As a lifelong beneficiary of The Patriarchy and White Supremacy, I wholeheartedly agree that we really do need to destroy both, even while accepting that, yes, it will have a negative effect on me. How could it not? That absolute truth that Scalzi expressed that we have the Lowest Difficulty Rating has made most of us incapable of competing on a TRULY level playing field. And losing the privilege might not be as painful as losing the illusion that we don't have that privilege, something so many of us built our lives around.
posted by oneswellfoop at 3:22 PM on December 17, 2014 [10 favorites]


What a privilege, to concern yourself with seeming good while the rest of us want to seem worthy of life.

--From the Jezebel piece. Goddamn.
posted by allthinky at 3:22 PM on December 17, 2014 [47 favorites]


And it is our racism and our white supremacy that makes us uncomfortable with those discussions, not misplaced politeness.
posted by gingerbeer at 3:23 PM on December 17, 2014 [20 favorites]


My first feeling when reading this was defensive (as a white lady) and I thought and wanted to say out loud 'But...not ME!' And then I told myself to shut the fuck up. It seems like part of white privilege is the luxury of being oversensitive...
posted by kitcat at 3:23 PM on December 17, 2014 [23 favorites]


Alternately, to quote Stacey Patton from the first article in the FPP:
We need you to listen, rather than trying to assert dominance or challenging us to prove our worth. We need you to stop deflecting the hard conversation and join us in trying to have it in an honest, authentic, and respectful way.
posted by evidenceofabsence at 3:24 PM on December 17, 2014 [7 favorites]




The effect of implicit, unconscious racism (and sexism, and ableism, and fatphonia and.. and.. and...) cannot be underestimated. There's growing evidence that our assumptions shape not only our beliefs but also our perceptions - that is, when a white person "doesn't see" a black person, that really can be a perceptual error, and the cause is literally how our brain processes things.

Similarly, in cities with very few bikes there are more incidences of car shitting bikes because the drivers don't see the cyclists.

What this means, though, is that it absolutely has to do with race. Not consciously, but unconsciously, we decide who matters and who is important and who we should pay attention to based on an individuals' characteristics. That gets bent a little online depending on social cues, but you can see similar things played out where race is more obvious, based on the discussion, associated images, or shared information. As can be seen in presumed-anonymous areas, the assumption is that one is unmarked until one marks oneself, and marking oneself is seen as a choice, and often one inviting harassment.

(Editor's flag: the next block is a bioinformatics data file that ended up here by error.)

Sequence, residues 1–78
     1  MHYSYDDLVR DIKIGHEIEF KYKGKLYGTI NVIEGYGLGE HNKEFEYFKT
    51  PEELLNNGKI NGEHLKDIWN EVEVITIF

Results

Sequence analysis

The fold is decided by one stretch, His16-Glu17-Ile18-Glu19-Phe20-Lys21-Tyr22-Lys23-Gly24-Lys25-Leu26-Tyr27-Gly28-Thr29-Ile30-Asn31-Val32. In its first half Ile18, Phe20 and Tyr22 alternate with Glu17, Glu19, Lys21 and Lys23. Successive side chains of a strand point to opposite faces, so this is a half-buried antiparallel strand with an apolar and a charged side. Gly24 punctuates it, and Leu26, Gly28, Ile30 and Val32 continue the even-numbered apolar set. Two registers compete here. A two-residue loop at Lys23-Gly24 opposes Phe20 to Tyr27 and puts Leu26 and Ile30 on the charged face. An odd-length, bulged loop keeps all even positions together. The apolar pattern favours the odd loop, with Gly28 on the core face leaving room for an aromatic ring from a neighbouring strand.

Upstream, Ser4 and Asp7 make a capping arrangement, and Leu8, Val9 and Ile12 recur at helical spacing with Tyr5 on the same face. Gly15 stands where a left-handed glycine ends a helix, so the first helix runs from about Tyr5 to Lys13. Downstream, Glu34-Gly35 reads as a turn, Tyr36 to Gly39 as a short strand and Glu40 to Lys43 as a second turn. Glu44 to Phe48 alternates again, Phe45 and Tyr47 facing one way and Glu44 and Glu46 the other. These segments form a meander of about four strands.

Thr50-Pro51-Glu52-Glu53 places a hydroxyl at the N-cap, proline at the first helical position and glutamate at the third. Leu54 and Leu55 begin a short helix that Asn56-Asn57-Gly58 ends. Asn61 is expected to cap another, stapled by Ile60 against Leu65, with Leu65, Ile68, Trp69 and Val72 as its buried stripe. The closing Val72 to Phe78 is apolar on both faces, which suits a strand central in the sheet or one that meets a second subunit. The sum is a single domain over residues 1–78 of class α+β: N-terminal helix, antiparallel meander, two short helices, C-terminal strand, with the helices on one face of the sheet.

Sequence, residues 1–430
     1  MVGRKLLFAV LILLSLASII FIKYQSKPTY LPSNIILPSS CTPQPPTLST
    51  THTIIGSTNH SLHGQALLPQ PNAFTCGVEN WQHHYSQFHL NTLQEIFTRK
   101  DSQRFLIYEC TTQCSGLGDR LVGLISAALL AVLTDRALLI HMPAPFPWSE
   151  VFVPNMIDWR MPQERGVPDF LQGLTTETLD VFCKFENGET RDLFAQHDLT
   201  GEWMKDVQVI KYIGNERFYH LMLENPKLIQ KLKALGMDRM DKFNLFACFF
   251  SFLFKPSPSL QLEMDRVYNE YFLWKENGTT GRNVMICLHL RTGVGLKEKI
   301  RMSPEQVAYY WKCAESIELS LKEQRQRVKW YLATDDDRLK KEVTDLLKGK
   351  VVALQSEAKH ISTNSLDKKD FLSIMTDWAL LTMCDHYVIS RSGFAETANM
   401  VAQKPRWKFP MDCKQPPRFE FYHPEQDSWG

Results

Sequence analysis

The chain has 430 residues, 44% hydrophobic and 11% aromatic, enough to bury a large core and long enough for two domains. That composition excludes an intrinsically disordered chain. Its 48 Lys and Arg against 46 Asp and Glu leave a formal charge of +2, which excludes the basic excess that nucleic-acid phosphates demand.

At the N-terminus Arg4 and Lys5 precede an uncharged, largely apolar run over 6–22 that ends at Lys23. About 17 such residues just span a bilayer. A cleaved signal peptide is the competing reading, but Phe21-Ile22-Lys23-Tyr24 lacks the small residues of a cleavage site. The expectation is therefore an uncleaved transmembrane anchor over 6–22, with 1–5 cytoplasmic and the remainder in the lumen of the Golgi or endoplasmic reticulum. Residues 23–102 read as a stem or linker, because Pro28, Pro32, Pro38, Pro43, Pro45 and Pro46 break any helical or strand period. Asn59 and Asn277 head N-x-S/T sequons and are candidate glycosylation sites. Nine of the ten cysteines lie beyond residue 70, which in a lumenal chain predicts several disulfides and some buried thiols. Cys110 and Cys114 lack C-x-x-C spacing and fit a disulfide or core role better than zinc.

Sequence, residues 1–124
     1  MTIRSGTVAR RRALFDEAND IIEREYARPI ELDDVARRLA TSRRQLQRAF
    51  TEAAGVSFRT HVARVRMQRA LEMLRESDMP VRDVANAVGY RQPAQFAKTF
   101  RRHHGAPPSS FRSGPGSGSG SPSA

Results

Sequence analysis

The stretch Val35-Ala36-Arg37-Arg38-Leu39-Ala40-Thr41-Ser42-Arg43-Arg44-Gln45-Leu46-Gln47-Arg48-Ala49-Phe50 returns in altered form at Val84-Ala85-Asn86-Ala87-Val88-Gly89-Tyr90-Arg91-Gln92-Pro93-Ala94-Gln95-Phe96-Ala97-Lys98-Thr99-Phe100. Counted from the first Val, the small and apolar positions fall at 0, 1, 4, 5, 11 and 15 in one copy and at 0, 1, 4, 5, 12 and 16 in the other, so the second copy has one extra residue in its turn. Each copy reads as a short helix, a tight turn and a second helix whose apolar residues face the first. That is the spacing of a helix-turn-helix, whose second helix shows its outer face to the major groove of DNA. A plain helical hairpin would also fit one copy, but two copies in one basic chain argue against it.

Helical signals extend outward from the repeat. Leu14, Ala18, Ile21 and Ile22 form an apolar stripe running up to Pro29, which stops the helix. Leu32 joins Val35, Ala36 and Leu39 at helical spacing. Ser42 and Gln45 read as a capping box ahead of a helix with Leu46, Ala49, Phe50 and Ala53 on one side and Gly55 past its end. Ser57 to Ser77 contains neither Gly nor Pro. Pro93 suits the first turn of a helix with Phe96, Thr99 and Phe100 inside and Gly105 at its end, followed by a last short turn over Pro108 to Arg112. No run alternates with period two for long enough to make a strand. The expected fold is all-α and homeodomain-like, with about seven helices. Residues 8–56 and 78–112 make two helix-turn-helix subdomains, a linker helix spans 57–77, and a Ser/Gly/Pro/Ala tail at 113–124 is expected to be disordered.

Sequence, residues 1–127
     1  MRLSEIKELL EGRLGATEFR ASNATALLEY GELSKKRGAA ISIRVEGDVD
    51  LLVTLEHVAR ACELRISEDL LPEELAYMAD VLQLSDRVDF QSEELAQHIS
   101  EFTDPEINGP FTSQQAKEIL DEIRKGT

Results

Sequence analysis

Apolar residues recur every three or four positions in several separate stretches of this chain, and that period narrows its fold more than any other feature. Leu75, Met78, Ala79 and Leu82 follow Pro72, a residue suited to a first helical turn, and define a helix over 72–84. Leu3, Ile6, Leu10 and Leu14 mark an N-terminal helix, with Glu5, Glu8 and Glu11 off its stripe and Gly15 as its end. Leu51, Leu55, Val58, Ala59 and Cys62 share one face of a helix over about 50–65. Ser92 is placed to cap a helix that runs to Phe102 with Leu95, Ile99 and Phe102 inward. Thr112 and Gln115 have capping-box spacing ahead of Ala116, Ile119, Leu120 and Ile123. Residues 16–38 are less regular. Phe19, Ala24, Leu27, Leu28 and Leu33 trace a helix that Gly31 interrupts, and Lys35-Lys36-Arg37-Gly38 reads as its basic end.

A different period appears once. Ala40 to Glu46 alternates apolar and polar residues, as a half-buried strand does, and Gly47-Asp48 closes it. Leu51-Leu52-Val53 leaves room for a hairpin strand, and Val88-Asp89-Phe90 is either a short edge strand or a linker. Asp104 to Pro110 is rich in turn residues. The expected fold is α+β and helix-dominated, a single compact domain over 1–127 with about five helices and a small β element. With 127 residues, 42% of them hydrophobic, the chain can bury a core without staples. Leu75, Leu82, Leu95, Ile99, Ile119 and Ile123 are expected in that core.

I really recommend the Project Implicit, which is addressing and studying implicit bias and how it affects people and culture.
posted by Deoridhe at 3:31 PM on December 17, 2014 [8 favorites]


I'm talking about those discussions that get the response of "Don't post stuff that makes me uncomfortable please."

No, it's because it's about race, not because it's generically unpleasant. You're missing some serious clues in the article that these responses are not just coming from a relentless and misplaced emphasis on positivity; she describes that the response is racial.

"My dog got hit by a car" does not get the same response. Negative news stories that are not about endemic social injustice to not get the same response. People complaining about issues that effect them--again, if not about endemic social injustice--do not get the same response. It's when the issue is endemic social injustice that many people who have benefited feel uncomfortable and want you to shut up.

Many white people respond this way because it makes them uncomfortable, but it makes them uncomfortable because it's about race.
posted by Kutsuwamushi at 3:31 PM on December 17, 2014 [38 favorites]


bleep: “I don't think the phenomenon being discussed comes from a place of racism or thinking one race is better than the others in any way.”

There is no such thing as "a place of racism." Racism has nothing to do with what people think of other people. Racism has to do with what people say and do.

Take a parallel case – theft. Say a person steals a biscuit. A biscuit is a small thing. I've stolen biscuits – from family or friends at least, which is really the same thing technically. So if a person steals a biscuit, does that mean they are, in their heart of hearts, a thief, through and through? Isn't it possible that they were hungry at that moment, or that they thought it probably wasn't a big deal? Or maybe in this case they were just grabbing their roommate's last biscuit from the package in the pantry, figuring their roommate would forgive them. Does that really make them a thief?

All of this is a stupid way to talk about theft, because theft is pretty simple: it's taking something that doesn't belong to you, and if you do it, you are a thief. We can argue all day long about what a person was thinking in their heart of hearts; we can argue about whether they're really a "thief" through and through; but that's all just a distraction, because if they stole the biscuit, then they stole the biscuit. This is very simple.

Racism is doing or saying something that harms minorities in particular disproportionately. It doesn't have anything to do with motivations. It doesn't have anything to do with what anyone is in their heart of hearts. It has to do with what people do and say, and it's pretty simple to identify it.